Book marketing is a key element to any successful book launch. The foundation of any book promotion is called an Author Platform. Unfortunately, many new authors usually start thinking about their Author Platform either while they’re writing their first book or once they’ve written the book and wonder how they’re going to sell it.
Don’t Wait That Long!
Wherever you are on your writing journey, the day to start nailing down your author platform is… TODAY.
What is a Writer platform?
An author platform (or writer platform) is simply the means you will use to reach people who are interested to buy your books. It’s your network.
Most authors mistakenly think that once they write their book, it will sell itself. In all honesty, most probably imagine it flying off the shelves. After all, it’s a great idea and an amazing storyline, right?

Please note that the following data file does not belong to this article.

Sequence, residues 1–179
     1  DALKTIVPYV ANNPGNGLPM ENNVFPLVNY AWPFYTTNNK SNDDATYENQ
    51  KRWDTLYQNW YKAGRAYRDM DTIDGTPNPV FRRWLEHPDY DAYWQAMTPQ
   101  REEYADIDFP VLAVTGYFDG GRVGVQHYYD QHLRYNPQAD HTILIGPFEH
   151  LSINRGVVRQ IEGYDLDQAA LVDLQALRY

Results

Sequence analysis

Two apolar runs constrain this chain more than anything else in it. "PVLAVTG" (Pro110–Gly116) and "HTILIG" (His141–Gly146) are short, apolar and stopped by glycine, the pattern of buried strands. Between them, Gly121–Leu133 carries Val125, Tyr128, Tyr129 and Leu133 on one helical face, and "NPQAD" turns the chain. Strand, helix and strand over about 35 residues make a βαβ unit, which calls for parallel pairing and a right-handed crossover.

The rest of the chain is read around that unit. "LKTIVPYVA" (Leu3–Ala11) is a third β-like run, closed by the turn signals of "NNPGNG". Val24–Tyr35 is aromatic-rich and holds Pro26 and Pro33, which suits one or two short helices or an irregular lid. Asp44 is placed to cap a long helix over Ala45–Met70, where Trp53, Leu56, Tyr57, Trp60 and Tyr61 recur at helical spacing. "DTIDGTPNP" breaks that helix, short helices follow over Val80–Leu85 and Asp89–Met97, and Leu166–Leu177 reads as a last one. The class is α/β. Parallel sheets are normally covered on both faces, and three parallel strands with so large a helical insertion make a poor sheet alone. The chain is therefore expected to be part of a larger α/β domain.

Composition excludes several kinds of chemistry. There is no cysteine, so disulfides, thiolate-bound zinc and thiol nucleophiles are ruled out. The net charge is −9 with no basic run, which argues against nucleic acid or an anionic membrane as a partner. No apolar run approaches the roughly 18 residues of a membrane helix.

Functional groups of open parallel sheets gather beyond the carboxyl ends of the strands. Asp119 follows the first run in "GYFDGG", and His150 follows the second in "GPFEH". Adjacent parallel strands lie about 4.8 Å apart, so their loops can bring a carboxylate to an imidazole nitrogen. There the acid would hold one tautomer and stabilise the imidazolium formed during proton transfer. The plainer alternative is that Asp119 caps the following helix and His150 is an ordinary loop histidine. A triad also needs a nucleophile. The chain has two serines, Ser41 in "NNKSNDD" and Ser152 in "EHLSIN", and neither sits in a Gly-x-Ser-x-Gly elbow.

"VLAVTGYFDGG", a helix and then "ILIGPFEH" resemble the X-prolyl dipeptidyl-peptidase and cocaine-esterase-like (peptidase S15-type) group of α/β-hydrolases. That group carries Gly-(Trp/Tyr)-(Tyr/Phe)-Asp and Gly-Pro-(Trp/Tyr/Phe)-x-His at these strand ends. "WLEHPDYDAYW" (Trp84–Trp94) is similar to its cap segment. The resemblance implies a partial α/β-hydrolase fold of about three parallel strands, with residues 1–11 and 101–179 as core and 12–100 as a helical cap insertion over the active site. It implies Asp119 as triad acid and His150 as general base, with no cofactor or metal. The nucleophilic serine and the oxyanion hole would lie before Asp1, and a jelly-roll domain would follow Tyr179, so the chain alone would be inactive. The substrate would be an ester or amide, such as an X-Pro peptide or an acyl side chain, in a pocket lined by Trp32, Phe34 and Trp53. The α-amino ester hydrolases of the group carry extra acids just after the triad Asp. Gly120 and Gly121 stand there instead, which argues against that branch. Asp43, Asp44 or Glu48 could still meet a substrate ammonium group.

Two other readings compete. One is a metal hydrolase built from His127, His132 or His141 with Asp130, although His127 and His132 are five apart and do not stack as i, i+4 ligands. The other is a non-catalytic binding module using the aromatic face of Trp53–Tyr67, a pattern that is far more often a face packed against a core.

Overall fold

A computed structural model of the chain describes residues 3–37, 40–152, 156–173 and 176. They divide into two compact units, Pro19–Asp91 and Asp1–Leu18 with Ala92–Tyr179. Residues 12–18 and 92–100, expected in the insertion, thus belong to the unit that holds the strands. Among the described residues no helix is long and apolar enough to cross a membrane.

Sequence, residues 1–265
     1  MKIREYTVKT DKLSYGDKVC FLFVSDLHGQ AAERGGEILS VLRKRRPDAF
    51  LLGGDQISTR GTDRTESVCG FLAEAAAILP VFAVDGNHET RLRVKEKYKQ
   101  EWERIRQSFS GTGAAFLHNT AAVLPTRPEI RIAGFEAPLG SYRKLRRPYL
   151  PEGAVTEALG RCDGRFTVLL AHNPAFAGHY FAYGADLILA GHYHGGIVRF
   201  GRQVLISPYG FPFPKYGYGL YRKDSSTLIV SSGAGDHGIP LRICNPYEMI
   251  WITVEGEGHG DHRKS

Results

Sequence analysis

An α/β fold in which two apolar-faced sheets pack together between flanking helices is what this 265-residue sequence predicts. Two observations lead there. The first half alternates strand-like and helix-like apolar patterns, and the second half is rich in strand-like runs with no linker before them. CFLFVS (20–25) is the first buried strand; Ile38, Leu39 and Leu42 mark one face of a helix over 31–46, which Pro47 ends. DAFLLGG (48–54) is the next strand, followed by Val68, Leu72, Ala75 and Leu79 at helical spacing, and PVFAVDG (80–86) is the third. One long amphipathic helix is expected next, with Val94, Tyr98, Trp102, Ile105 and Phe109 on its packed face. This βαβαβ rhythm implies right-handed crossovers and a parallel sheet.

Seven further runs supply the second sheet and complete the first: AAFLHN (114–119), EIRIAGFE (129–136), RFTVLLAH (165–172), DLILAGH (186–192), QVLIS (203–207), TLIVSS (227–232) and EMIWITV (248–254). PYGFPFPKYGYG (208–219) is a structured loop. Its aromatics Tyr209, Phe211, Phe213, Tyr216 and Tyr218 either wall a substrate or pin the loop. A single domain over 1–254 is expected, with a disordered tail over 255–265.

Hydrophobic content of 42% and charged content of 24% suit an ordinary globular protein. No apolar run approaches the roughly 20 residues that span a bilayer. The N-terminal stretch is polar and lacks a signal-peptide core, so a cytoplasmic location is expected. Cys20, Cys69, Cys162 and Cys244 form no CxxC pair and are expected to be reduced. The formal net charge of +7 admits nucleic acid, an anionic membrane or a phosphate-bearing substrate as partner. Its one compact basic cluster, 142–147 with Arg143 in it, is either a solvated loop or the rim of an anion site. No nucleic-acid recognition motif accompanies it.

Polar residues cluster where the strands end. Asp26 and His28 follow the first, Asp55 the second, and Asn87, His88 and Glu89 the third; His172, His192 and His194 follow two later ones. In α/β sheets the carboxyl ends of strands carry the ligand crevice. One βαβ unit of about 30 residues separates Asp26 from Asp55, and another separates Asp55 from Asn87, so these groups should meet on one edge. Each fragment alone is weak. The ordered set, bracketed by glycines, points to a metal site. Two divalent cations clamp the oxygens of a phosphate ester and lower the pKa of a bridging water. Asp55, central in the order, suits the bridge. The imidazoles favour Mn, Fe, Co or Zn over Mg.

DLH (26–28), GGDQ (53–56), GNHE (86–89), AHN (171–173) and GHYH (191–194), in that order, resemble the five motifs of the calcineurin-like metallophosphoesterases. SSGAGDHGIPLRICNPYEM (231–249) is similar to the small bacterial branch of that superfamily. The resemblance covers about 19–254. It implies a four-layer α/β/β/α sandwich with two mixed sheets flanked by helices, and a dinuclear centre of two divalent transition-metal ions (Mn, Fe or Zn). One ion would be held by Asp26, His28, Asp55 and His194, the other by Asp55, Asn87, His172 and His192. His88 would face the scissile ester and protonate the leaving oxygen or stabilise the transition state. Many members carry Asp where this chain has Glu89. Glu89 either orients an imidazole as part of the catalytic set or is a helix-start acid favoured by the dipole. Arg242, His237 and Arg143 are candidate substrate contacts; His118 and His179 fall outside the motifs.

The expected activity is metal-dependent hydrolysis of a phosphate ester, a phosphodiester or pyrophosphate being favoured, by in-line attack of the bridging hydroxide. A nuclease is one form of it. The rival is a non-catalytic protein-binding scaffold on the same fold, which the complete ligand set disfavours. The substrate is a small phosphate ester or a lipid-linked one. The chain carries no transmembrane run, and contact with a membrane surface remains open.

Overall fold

But the shelves are overflowing with books from independent authors. There are over 8 million books listed on Amazon, for example. Your book will get lost in the abyss unless you do something to get it the attention it deserves. This is why your writer platform is so critical. You need people who CARE about your book.
Author platform examples
There’s no magic formula for what your writer platform should be. What works for someone else may not work for you. So you need to figure out what makes the most sense for building your network. Considerations include what your genre is, who your target customers are, what people/groups you already know, what social media you enjoy, etc.
Here are a few Author Platform examples:
- A podcaster/blogger/vlogger with an engaged audience.
- A children’s book author who has connections in schools.
- A religious book author who’s a minister of a church.